Found this on the web pretty cool :
Concord Grape Pie
I first became aware of Michael Turback when he opened Turback's of Ithaca, a restaurant in an enormous renovated Victorian house on Rt. 13 south of Ithaca. That was back in the early 1980s when Turback was only 22. He wanted to use, as much as possible, local ingredients and local wines, and was one of the forerunners of a movement that eventually became known as Finger Lakes Culinary Bounty.
Although--much to the chagrin of many, myself included--Turback's of Ithaca is no longer in business, Michael Turback has not lost his interest in food or in promoting regional foods and wines. He is the author of the best-selling A Month of Sundaes, More than a Month of Sundaes, The Banana Split Book, Hot Chocolate, and Greetings from the Finger Lakes: A Food and Wine Lover's Companion from which comes this recipe.
CONCORD GRAPE PIE
The local tradition of purple pies began sometime in the 1960s with Al Hodges, who commissioned Irene Bouchard to make a unique grape dessert for the Redwood Restaurant in Naples. Forty years later, thousands come to the village of Naples to celebrate the grape harvest and sample the native grape pies. The robust flavor of Concord grapes makes this unusual pie a treat. You will have to peel each grape, but the delicious results are well worth the effort.
Makes one 9-inch pie
2½ cups all-purpose flour, sifted
1 teaspoon salt
½ cup unsalted butter, chilled and cut into small pieces
½ cup vegetable shortening, chilled and cut into small pieces
6 to 7 tablespoons cold water
4 cups Concord grapes
1 cup sugar
⅛ teaspoon salt
2½ tablespoons tapioca
1 tablespoon freshly squeezed lemon juice
1 tablespoon unsalted butter, at room temperature
To make the pie crust, mix together the flour and salt in a bowl. Using a pastry blender or a fork, cut in the butter and shortening until the mixture resembles coarse meal. Sprinkle the water over the mixture a tablespoon at a time, mixing lightly after each addition, until the dough can be formed into a ball, and allow them to rest for 15 minutes before rolling out.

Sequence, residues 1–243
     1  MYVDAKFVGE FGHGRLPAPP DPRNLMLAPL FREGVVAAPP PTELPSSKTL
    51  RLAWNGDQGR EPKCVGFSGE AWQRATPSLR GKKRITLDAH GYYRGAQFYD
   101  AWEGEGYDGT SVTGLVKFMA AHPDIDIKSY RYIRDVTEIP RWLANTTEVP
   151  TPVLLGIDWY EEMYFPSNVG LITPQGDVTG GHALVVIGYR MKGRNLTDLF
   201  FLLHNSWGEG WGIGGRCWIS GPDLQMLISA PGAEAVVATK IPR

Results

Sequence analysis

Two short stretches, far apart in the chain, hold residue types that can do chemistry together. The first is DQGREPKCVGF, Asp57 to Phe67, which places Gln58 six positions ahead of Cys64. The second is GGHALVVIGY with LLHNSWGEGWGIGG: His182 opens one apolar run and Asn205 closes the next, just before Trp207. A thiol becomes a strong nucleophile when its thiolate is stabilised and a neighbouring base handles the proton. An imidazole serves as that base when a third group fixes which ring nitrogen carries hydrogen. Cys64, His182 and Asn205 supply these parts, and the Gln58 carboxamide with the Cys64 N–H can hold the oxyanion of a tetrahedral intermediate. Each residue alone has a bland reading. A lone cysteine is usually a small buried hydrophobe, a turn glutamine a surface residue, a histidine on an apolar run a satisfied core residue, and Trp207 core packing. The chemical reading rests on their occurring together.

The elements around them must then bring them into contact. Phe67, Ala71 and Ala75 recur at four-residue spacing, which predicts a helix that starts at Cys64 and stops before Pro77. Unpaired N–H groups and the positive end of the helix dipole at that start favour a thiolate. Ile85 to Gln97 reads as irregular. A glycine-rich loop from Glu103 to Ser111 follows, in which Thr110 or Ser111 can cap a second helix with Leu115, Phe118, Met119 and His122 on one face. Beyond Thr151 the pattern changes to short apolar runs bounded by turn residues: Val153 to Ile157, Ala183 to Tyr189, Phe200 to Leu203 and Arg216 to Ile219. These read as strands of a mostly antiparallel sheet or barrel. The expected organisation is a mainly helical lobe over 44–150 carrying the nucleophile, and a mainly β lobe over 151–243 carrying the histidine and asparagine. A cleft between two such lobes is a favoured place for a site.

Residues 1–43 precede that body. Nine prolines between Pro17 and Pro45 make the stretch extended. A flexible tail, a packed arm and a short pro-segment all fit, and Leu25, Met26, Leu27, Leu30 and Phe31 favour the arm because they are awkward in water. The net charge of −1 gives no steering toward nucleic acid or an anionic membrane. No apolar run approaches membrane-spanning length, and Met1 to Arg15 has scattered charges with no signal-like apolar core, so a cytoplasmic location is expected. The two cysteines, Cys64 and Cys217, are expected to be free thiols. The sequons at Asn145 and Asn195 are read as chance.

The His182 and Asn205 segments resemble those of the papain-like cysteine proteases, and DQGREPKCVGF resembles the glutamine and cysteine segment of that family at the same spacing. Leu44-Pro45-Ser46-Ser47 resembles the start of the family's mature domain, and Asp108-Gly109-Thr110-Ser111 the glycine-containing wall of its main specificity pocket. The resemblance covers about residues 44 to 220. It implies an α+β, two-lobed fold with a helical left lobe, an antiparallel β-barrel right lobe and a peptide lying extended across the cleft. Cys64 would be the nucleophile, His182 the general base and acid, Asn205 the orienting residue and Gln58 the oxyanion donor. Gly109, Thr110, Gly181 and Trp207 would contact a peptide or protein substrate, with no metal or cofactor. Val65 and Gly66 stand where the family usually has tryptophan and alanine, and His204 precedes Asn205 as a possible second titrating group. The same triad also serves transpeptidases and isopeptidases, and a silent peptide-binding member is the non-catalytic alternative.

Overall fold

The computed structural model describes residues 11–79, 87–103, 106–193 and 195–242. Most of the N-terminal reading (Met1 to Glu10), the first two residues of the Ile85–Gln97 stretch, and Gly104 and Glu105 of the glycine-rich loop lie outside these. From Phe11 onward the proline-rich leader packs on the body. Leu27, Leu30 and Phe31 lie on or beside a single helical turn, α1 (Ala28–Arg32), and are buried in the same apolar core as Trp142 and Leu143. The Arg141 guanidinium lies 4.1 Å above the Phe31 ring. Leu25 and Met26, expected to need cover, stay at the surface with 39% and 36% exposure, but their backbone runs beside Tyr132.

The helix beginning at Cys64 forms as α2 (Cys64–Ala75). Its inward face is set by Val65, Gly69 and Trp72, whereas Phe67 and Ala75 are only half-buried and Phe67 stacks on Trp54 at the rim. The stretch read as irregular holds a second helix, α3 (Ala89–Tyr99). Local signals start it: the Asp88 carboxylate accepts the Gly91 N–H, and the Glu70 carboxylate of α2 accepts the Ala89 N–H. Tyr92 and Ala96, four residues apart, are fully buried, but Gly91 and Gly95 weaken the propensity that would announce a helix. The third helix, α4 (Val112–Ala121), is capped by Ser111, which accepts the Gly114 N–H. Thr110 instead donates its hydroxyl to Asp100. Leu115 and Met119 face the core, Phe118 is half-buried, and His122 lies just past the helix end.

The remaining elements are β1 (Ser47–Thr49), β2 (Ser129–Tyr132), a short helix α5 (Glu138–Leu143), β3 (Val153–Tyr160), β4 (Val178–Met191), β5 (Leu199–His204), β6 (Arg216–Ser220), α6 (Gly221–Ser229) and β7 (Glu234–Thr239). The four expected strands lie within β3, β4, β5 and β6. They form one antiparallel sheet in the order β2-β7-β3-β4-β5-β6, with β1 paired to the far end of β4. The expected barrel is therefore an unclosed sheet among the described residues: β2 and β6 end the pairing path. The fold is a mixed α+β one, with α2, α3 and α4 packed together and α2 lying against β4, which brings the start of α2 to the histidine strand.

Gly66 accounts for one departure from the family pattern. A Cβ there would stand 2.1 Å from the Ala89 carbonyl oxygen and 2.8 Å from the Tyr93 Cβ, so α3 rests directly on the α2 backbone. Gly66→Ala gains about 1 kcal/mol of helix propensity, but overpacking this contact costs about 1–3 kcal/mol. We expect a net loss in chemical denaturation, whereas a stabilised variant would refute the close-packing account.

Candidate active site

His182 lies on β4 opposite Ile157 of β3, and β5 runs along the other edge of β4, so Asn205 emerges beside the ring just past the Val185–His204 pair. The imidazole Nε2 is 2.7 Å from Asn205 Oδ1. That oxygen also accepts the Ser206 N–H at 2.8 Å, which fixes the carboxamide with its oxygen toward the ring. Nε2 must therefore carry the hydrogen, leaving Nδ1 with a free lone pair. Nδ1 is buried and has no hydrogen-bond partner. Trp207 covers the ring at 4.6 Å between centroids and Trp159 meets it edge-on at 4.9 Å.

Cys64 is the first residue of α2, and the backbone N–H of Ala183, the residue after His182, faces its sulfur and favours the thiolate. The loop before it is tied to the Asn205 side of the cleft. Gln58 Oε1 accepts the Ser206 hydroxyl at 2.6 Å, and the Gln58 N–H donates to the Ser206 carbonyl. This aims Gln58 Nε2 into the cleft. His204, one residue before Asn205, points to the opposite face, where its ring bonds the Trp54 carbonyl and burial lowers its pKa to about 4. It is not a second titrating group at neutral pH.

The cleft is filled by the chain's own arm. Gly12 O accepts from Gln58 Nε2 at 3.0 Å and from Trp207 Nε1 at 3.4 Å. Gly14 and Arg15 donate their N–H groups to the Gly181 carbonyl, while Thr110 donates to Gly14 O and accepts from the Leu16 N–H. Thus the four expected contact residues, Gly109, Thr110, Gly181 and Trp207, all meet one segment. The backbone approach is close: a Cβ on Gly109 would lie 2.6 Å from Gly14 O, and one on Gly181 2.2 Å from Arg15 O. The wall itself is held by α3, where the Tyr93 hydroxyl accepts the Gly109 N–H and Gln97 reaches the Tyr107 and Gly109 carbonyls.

To make the filling, slip the skins off the grapes and reserve them. Put the grape pulp in a saucepan and simmer over medium-low heat just until soft enough to release the seeds, about 8 minutes. Push the grape pulp through a wire-mesh strainer to remove the seeds. Combine the pulp in a bowl with the reserved grape skins.
Roll out each ball of dough on a well-floured board until they are 10 to 11 inches in diameter. Line the bottom of a 9-inch pie pan with a round of dough. Preheat the over to 450ºF. Mix the sugar, salt, and tapioca together in a bowl and spread about half of the mixture with the grapes and add the lemon juice. Pour the pie filling into the crust and dot with butter. Cover with the top crust and crimp the edges to seal. Bake for 10 minutes and then lower the temperature to 350ºF and bake for another 25 to 30 minutes, until golden brown. Remove from the oven and cool for 30 minutes before serving. If not serving immediately, warm the pie in an oven set on the lowest temperature for 10 minutes before serving.
Reprinted with permission of the author from Greetings from the Finger Lakes: A Food and Wine Lover's Companion by Michael Turback, Ten Speed Press, Berkeley, CA, 2005.